And as for vampire lore in general… forget it.  Even the fun opening scene can’t tell the difference between vampires and faeries, and the script at large continues to peddle the completely illogical notion that absolutely everyone who is bitten and killed by a vampire – regardless of injuries – turns.  (That would by default lead to complete human and vampire extinction in under ten years.  That’s called a zombie apocalypse.)  One could say that this is being picky by making sense, but that’s before you see the lame ass special effect of a guy whose face is completely eaten off and who then turns into some lamprey-looking abomination.  Um… yeah.  Oh, and whatever lore is applied to some vampires isn’t necessarily true of other vampires, so it’s basically a matter of whatever the script says should work on a scene-to-scene basis.  Um… yeah.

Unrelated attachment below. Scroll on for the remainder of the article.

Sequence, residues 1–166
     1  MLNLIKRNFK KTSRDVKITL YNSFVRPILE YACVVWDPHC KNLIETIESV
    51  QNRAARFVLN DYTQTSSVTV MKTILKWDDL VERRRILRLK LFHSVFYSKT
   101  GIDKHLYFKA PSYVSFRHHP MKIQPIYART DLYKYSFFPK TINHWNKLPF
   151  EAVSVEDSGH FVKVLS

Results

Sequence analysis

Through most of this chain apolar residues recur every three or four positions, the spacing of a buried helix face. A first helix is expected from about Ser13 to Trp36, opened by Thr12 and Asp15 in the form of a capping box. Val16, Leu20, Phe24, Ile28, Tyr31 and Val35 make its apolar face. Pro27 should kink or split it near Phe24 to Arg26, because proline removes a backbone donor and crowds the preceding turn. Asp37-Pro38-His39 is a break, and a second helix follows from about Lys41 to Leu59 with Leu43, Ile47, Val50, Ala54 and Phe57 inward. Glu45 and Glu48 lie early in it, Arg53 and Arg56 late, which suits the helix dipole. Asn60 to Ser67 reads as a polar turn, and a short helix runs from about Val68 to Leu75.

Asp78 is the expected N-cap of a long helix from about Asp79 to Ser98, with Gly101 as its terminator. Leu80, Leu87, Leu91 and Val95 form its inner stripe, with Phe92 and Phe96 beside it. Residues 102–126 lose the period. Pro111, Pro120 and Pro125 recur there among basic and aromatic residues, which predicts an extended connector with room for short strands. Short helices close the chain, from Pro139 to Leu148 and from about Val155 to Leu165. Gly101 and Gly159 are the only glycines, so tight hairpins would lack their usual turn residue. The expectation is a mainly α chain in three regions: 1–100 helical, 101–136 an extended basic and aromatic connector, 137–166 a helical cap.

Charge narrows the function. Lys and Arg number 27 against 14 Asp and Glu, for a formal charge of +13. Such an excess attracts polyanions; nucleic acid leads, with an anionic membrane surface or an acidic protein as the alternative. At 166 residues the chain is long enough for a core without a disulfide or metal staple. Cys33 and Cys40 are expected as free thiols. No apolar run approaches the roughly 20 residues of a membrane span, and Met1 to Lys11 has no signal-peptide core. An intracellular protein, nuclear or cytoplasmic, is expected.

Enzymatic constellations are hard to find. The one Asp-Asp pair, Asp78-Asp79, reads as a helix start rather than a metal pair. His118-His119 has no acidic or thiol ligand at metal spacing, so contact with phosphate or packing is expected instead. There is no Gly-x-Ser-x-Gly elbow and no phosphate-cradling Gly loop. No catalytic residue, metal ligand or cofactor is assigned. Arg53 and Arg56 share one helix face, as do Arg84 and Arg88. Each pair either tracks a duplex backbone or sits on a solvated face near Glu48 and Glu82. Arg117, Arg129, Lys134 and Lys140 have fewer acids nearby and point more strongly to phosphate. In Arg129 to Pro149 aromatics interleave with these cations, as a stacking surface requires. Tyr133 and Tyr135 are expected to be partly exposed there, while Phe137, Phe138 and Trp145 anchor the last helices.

All of this is made even worse by bad direction.  As someone who has been all around the horror world and who has worked as a protégé of Wes Craven and who has indeed done some very decent work elsewhere, Patrick Lussier really should know better, but instead, he delivers a passionless, pedestrian bore.  His awareness of horror history is obvious – especially the Hammer films – but instead of that being a point in his favor, his lame revisions of classic (and not-so-classic) Hammer lore only make things that much more disappointing.  As do his sudden drops into slow motion, for that matter.  Action sequences are a yawn, drama is drab, and if anything in this movie was supposed to be fun after the opening scene with the evil twins, I missed it.  The camera brings no life to anything, and there’s just no atmosphere to this movie whatsoever.   Even with this lousy script (which Lussier also shares blame for), given the lead cast, Lussier should have been able to draw some blood from this stone, but Dracula II: Ascension bears all the marks of having been made under the philosophy of “get it done next week” instead of “get it done right.”